Balls at Zeno Points and Other Absurdities

A substantial part of philosophy of science has devoted itself to the production of straw man arguments in the absence of any real breakthrough and substantial contribution. Especially troublesome are attempts to question the validity of empirically confirmed physical laws, such as the law of conservation of energy in mechanics, by applying them arbitrarily and without any reality check to absurd thought experiments involving the concept of infinity and point masses.

The latest paper disposed in the junk archive is a clear indication of the state of decadence in contemporary philosophy of science.

In the paper “Nonconservation of Energy and Loss of Determinism. II. Colliding with an open set“, by Atkinson, David and Johnson, Porter, which remarkably enough was published in a peer reviewed journal, the following statement is made (Section 2):

“An infinite number of identical, stationary point masses (Zeno balls) are placed at the Zeno points 1, 1/2, 1/4, 1/8…on a straight line.”

Let us think about this: what is a point mass? How small is a point mass? Where can one find a point mass in this universe? Why the authors do not understand that the notion of a ball and a point mass are contradictory?

If philosophy of physics cannot comply to the reality of this world, then it is only a straw man generating process. In the mentioned paper, the authors had to invent point masses because for any finite radius R > 0, such that R is smaller than a every small number M, there is a pair of adjacent Zeno points Zn and Zn+1 such than |Zn – Zn+1| < 2M, with n being an index that depends on M. As a result, after a certain point, nature does not allow the existence of infinite balls of equal finite radius at Zeno points, no matter how small the radius is, and the number of balls is finite, it cannot be infinite.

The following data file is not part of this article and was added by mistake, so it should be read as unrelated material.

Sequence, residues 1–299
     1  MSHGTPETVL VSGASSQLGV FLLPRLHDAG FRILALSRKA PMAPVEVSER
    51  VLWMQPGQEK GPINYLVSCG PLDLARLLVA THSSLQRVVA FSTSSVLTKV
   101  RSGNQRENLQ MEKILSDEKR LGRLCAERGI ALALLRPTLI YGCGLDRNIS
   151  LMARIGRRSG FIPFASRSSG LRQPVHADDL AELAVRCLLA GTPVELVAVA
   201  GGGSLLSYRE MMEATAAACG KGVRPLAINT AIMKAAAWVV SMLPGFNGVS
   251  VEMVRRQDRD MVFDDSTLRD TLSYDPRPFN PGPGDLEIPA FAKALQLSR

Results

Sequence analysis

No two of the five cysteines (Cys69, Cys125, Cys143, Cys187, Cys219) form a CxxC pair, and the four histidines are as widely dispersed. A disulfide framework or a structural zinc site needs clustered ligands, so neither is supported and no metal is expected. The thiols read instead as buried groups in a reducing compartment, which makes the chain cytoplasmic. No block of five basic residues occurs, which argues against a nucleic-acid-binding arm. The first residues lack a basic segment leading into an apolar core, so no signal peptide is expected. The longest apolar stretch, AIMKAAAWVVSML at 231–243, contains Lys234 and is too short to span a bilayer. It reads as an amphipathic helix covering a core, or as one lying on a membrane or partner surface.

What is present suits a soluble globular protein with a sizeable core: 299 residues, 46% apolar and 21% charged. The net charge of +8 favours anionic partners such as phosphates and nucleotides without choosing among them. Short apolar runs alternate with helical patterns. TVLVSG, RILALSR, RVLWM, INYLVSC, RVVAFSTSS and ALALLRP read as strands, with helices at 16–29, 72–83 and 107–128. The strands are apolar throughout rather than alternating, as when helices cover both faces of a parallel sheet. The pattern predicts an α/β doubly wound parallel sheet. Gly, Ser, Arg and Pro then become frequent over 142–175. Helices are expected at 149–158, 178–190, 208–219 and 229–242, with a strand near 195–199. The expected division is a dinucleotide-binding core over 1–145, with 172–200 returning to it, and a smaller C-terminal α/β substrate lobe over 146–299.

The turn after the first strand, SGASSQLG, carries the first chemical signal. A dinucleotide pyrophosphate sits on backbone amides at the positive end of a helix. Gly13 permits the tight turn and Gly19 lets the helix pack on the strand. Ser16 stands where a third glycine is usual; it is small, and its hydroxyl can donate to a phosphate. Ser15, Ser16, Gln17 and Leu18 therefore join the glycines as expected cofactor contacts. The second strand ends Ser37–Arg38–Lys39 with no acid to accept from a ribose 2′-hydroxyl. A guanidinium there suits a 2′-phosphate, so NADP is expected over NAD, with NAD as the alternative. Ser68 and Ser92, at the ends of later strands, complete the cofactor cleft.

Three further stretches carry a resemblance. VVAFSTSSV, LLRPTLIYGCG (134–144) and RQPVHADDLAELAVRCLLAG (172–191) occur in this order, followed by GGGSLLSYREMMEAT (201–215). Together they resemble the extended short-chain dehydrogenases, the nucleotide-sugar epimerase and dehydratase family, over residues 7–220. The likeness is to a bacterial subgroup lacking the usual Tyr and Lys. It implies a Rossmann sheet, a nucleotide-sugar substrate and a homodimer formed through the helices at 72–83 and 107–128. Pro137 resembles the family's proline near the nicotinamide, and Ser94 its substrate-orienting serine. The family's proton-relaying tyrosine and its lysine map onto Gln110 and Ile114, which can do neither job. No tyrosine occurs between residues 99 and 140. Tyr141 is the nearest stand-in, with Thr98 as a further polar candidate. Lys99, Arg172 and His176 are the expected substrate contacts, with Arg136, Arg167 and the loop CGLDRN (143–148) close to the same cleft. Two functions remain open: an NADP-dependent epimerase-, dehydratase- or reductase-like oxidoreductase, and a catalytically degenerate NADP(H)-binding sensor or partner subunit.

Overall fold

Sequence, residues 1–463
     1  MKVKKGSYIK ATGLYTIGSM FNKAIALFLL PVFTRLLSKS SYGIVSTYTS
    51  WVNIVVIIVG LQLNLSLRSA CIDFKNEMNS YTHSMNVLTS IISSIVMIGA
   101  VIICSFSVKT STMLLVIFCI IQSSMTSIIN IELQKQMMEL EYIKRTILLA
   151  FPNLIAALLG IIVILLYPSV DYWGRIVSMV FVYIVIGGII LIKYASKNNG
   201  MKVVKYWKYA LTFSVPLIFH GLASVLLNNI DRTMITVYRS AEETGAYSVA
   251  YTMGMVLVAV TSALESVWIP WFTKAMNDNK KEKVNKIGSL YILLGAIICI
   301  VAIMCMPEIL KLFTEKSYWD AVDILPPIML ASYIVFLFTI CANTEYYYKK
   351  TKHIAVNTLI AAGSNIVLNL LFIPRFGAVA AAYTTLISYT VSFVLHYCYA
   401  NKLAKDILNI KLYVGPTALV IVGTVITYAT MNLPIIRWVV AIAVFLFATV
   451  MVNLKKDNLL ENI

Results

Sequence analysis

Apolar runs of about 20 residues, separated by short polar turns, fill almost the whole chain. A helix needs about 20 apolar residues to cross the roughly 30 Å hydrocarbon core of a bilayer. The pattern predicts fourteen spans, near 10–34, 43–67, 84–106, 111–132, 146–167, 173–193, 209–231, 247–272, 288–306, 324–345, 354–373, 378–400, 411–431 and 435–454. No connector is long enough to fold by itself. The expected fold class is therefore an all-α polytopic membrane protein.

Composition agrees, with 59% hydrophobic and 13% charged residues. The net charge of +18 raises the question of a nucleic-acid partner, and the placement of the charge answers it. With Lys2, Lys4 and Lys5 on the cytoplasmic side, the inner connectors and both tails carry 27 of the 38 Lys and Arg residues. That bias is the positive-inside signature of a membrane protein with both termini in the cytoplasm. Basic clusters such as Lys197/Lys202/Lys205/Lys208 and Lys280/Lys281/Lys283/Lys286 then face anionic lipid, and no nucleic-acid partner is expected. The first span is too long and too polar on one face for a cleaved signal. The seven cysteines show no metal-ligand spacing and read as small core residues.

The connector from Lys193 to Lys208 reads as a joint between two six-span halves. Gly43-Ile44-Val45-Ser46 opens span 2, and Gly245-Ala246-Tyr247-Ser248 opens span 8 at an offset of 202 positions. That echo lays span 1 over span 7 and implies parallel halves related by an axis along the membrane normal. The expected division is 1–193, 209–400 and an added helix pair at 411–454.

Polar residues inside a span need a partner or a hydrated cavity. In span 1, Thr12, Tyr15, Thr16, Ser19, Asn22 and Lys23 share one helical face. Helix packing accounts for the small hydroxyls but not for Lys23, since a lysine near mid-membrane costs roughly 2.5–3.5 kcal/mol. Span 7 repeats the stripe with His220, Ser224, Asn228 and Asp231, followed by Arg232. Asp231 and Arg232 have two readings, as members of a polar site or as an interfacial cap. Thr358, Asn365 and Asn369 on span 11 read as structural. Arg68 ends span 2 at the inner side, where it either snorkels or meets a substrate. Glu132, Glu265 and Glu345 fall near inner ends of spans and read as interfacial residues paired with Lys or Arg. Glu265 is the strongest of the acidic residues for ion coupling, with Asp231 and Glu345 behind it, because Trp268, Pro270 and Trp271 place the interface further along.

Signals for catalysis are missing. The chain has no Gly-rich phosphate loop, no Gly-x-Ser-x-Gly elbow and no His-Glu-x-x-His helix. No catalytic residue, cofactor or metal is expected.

If the ball radius decreases according to some function, the same will happen. The only way to have infinite balls on infinite Zeno points is to distort the very essence of reality, which is that matter has extension. But what purpose could such distortion serve?  It is clear that one of the purposes is the creation of a straw man argument to serve as the basis for the publication of a paper in a “peer” reviewed journal, which applies laws of nature to absurd distortions of reality.

Some philosophers should understand that nature insures that the law of the conservation of energy is never violated and prevents any potential violations by establishing bounds on the existence of systems that intend doing that.

Another shock from a paper in the junk `archive, a place full of epistemological and physical straw man arguments.


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